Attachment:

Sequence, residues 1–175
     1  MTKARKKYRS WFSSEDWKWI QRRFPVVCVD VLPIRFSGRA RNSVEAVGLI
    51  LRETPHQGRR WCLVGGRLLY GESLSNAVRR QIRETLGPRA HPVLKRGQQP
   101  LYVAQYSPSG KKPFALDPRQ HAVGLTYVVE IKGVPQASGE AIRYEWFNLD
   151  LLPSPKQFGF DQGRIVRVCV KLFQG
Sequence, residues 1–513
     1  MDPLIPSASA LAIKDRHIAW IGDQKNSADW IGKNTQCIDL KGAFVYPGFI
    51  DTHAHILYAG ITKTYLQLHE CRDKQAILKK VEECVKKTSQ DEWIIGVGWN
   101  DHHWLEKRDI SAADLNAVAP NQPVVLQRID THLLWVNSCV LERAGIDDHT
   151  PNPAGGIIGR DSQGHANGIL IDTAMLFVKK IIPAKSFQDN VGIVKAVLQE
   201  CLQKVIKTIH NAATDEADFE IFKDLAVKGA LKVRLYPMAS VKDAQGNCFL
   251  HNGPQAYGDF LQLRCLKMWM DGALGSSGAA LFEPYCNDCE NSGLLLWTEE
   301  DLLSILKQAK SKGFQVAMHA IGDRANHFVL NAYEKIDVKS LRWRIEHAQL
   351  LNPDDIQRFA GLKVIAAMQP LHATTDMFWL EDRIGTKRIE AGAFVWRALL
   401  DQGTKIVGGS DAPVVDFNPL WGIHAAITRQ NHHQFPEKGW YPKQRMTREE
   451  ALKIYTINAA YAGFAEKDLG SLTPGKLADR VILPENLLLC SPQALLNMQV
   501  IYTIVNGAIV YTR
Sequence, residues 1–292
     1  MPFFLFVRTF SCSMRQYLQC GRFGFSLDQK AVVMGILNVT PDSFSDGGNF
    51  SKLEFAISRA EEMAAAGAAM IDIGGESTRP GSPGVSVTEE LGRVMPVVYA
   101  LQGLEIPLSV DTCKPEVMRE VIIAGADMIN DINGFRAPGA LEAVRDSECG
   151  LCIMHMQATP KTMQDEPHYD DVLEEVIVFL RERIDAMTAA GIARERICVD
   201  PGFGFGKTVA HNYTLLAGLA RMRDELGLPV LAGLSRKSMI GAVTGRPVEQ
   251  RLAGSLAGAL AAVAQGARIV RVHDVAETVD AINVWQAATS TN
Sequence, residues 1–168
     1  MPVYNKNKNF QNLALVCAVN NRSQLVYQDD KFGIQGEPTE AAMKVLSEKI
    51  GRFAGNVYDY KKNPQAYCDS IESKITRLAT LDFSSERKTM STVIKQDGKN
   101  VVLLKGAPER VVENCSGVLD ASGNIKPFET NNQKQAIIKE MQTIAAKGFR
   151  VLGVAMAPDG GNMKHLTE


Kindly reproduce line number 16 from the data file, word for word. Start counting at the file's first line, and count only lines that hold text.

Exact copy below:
   451  ALKIYTINAA YAGFAEKDLG SLTPGKLADR VILPENLLLC SPQALLNMQV